Much has been written about the apparent beneficial effects of antioxidants for male fertility. The evidence to support this claim comes from two main sources.
First, there are a number of studies that have asked men to write down what they eat in ‘food diaries’ and then have these examined by experts who estimate the composition of specific vitamins and other food components they are eating. When this data is correlated with their sperm quality, most studies have shown that those men whose diets contain more antioxidants generally have better sperm.
Second, are studies that have given selected groups of men one or more antioxidants in the form of a tablet to take each day alongside their normal diet, then compare their sperm to those of men who were given an identical-looking tablet that didn’t contain anything (a placebo).
Again, these studies generally show that men who receive the antioxidant had better sperm than those who didn’t. Moreover, some studies also show that while taking the antioxidant supplements, more men go on to father a child than those taking the placebo.
Antioxidants are a range of food components (such as vitamins C and E) that can effectively neutralise the damaging effects of another class of molecules called free radicals. Free radicals are produced naturally by the body and are important in fighting infection, whilst also regulating cells that become too old. But in the male reproductive system they can also damage sperm and are thought to play a role in the infertility of some men.
We believe sperm damaged by free radicals can be defective in many ways, but an important concern is that the genetic material inside the sperm head can become damaged and this can lead to infertility by preventing how well sperm fertilise the egg. It can also increase the chances of a miscarriage.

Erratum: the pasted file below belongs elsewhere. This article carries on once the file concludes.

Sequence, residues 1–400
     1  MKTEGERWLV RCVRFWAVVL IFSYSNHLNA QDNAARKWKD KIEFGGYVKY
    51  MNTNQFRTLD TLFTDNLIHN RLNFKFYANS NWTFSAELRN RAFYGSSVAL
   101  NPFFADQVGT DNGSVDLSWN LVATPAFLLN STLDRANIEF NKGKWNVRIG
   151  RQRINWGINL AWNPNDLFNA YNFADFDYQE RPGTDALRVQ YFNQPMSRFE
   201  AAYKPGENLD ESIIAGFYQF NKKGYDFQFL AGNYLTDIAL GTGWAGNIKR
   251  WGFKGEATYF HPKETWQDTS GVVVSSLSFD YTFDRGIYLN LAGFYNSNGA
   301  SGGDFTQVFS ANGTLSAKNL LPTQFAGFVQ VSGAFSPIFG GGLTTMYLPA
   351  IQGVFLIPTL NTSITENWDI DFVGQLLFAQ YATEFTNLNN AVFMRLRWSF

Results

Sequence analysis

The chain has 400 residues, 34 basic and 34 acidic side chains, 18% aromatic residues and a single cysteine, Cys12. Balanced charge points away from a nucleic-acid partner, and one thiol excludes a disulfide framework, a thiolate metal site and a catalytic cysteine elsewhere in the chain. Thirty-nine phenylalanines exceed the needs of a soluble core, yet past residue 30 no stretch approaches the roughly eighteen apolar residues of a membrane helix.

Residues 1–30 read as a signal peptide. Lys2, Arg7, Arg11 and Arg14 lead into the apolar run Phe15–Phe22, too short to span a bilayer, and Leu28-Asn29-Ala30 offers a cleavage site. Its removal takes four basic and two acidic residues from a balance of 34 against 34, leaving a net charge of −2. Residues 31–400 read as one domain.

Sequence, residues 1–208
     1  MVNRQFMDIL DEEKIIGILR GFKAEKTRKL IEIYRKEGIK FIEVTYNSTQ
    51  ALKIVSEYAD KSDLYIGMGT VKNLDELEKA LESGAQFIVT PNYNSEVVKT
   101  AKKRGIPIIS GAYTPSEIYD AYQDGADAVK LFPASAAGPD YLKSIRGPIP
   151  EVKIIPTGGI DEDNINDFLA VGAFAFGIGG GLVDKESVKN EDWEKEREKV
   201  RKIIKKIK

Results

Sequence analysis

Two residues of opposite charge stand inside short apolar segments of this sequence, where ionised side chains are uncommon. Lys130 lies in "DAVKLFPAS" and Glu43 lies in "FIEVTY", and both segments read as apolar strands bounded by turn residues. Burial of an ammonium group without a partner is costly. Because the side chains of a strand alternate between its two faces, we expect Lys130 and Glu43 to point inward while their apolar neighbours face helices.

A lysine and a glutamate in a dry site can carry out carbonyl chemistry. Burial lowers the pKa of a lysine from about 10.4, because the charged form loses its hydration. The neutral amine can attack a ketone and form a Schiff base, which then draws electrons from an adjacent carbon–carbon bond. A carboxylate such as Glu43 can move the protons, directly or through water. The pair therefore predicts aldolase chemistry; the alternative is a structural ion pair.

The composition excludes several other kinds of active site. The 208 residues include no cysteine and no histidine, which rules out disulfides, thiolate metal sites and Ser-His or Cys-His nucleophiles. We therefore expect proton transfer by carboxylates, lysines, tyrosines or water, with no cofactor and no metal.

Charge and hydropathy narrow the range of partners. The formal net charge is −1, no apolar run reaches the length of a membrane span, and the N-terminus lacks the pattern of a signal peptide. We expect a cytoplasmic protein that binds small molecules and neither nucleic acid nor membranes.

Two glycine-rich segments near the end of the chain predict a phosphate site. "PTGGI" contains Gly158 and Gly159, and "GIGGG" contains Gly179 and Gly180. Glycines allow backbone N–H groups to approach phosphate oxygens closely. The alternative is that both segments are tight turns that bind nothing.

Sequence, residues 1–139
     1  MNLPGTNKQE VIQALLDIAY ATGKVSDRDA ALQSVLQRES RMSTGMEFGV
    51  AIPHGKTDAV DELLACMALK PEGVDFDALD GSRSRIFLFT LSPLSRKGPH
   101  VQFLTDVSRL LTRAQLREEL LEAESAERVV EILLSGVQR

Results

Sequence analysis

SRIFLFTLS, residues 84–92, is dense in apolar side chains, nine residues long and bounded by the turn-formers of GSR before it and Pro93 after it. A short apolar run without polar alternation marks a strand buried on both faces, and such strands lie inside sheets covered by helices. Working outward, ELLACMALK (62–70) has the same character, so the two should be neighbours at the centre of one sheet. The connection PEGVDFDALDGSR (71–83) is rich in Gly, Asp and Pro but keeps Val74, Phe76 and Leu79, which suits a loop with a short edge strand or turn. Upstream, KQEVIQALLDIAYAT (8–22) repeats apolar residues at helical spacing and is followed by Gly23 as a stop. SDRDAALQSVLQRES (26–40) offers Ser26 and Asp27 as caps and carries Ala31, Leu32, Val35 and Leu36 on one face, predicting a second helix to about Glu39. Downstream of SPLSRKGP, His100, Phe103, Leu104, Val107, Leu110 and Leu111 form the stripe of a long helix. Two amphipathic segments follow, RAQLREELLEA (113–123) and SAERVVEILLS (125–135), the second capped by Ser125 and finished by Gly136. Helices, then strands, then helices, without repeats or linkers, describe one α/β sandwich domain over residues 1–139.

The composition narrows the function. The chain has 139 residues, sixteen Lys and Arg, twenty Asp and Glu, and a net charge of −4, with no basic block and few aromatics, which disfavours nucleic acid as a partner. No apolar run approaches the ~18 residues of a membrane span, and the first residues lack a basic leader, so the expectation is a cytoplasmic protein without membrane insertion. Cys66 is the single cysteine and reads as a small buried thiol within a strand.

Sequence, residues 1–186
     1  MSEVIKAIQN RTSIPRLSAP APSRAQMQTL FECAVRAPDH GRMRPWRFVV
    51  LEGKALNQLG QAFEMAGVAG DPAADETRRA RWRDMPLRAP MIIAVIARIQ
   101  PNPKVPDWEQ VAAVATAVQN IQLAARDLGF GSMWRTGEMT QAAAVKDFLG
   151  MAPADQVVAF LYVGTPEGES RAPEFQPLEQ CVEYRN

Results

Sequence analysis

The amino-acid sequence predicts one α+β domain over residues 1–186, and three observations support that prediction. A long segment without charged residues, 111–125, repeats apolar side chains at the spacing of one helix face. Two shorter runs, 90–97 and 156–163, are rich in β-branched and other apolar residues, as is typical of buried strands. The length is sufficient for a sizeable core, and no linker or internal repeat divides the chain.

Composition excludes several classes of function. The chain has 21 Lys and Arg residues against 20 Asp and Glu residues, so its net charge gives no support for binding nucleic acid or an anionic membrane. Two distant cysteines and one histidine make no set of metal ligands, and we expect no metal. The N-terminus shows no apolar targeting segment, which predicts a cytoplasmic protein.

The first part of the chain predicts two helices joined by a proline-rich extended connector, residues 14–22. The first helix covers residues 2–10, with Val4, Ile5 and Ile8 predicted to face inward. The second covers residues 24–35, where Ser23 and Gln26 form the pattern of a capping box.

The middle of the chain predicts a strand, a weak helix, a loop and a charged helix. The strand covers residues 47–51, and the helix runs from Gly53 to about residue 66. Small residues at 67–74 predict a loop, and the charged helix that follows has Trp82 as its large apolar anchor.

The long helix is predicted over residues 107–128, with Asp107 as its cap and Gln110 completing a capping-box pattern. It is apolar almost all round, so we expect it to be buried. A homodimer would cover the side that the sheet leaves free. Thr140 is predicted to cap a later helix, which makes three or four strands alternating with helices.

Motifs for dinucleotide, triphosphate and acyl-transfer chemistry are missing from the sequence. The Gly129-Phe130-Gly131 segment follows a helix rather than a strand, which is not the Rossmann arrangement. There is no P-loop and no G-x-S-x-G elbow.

Either way, many doctors believe that if sperm quality can be improved by taking antioxidants (or damage is prevented from happening in the first place) then infertility might well be avoided, at least for some.
What the data from studies does not tell us so far is what dose and combination of antioxidants is the best one to use and also how long they should be taken for in order to achieve the best results. However, given that we know that it takes at least 90 days to produce a sperm from start to finish, any man who decides to take antioxidants should perhaps do so for at least three months before he decides to try for a family.
Finally, an important point to consider is that no quantity of antioxidants will protect sperm from an unhealthy lifestyle or an undiagnosed sexually transmitted infection. So men who smoke should ideally stop (contact your local smoking cessation service if you need help), and also it might be a good idea for men to visit their local Genitourinary Medicine Clinic for a free confidential check-up.
More information about Androferti can be found on the website www.androferti.co.uk.